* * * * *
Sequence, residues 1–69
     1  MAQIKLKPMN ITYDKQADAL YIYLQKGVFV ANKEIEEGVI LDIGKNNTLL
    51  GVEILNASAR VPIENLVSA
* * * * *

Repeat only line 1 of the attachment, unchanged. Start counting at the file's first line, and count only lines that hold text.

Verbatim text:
Sequence, residues 1–69